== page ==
The point is to avoid locking up important stuff in a single person’s computer or inbox. Put all the important stuff out in the open, and no one will have to chase that wild goose to get their work done.

At 37signals, we use a chat program we created called Campfire. Other techy shops use IRC servers to achieve the same. The idea is to have a single, permanent chat room where everyone hangs out all day to shoot the breeze, post funny pictures, and generally goof around.

At 37signals we’ve institutionalized this through a weekly discussion thread with the subject “What have you been working on?” Everyone chimes in with a few lines about what they’ve done over the past week and what’s intended for the next week. It’s not a precise, rigorous estimation process, and it doesn’t attempt to deal with coordination. It simply aims to make everyone feel like they’re in the same galley and not their own little rowboat.

At 37signals, we try our best to encourage our remote workers to adopt a healthy lifestyle. Everyone gets a $100 monthly stipend for a health club membership, and we cover the cost of weekly fresh fruit and vegetable deliveries from local farmers.

keeping everyone’s outlook healthy and happy. That task is insurmountable. No assholes allowed. But for remote work, you need to extend it to no asshole-y behavior allowed, no drama allowed, no bad vibes allowed.

The benefits of a physical company (restaurant, gym, laundry) sets a challenge for a manager directing a remote workforce. He has to ensure that this diversity of human experience happens for his troops as well. The job starts with putting together a team of people who are naturally interested in more than just their work—and it continues with encouraging those other interests to bloom.

as a remote worker, you shouldn’t let employers get away with paying you less just because you live in a cheaper city. “Equal pay for equal work” might be a dusty slogan, but it works for a reason. If with regard to compensation you accept being treated as a second-class worker based on location, you’re opening the door to being treated poorly on other matters as well

We call these regular check-ins “one-on-ones,” but other companies simply call them “check-ins” or “regulars.” The key is to make them casual and conversational. This is a “what’s up, how are things?” call more than a specific critique of a specific project or a response to a piece of work. These chats typically last twenty or thirty minutes, but it’s good to keep an hour open—just in case.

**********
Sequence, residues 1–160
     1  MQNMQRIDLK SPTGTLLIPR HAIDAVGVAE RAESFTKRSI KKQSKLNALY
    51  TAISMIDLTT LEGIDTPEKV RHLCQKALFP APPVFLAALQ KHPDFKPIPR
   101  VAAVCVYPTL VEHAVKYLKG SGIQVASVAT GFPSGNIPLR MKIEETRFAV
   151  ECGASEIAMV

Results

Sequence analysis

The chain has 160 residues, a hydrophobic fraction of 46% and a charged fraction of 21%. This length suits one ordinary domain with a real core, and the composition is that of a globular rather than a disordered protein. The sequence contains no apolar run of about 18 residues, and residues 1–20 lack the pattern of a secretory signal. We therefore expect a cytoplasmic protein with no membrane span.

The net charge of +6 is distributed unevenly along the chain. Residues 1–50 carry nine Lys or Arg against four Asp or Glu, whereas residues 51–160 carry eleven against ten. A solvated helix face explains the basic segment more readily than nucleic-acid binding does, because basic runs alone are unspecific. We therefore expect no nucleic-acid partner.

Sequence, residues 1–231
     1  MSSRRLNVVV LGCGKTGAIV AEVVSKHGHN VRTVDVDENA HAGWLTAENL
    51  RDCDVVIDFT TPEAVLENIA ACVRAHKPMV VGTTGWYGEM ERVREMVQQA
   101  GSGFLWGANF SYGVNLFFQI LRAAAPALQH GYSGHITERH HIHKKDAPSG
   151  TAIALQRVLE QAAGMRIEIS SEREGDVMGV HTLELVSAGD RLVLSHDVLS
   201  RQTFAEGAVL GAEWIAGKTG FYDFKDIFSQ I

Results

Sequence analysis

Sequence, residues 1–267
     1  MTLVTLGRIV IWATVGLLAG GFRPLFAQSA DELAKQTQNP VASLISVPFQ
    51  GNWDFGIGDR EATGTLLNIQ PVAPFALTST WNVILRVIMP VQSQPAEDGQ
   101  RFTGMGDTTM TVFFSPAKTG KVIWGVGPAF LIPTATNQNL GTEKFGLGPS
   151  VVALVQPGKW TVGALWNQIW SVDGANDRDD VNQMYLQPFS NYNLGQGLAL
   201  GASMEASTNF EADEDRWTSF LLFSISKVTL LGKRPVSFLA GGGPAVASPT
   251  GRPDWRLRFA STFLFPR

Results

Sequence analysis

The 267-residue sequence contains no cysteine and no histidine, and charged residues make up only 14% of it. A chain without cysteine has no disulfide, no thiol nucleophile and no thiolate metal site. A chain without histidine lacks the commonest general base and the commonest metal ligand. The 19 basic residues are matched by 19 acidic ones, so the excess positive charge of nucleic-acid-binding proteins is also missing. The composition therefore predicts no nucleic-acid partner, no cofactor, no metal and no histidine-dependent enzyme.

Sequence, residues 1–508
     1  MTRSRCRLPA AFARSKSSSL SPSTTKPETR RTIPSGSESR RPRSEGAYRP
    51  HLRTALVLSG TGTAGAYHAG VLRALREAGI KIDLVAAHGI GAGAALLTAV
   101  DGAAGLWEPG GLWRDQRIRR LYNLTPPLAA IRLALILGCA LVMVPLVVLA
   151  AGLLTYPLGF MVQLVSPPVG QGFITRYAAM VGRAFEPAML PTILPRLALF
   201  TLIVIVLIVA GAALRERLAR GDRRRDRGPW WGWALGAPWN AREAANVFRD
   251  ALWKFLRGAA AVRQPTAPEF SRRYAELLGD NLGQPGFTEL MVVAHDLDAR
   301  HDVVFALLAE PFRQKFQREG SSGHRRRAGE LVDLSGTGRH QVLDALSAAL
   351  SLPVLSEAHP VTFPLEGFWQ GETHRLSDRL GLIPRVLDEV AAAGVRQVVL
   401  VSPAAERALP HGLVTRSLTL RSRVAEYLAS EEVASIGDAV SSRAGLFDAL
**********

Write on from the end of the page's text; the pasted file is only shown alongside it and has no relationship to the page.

At 37signals we’ve created a number of ways to eradicate roadblocks. First, everyone gets a company credit card and is told to “spend wisely.” There’s no begging to spend money on needed equipment to get the work done, and there are no expense reports to fill out (just forward all receipts to an internal email address in case of an audit). Second, workers at 37signals needn’t ask permission to go on vacation or specify how much time they’ll take. We tell them: just be reasonable, put it on the calendar, and coordinate with your coworkers. If you let them, humans have an amazing power to live up to your high expectations of reasonableness and responsibility

Trying to conjure motivation by means of rewards or threats is terribly ineffective. In fact, it’s downright counterproductive. Rather, the only reliable way to muster motivation is by encouraging people to work on the stuff they like and care about, with people they like and care about.

If you’re a manager and notice that one of your employees is slacking, schedule a one-on-one and find out what’s up. Is the person bored with a project that’s not challenging enough, or are they feeling stuck and, in reaction, procrastinating to avoid a situation that feels impossible? See what you can do to get your employee back on track. The roadblock may be structural, or it may be more personal. Perhaps the employee is feeling burned out.

“In thirty years’ time, as technology moves forward even further, people are going to look back and wonder why offices ever existed.” —RICHARD BRANSON, FOUNDER OF VIRGIN GROUP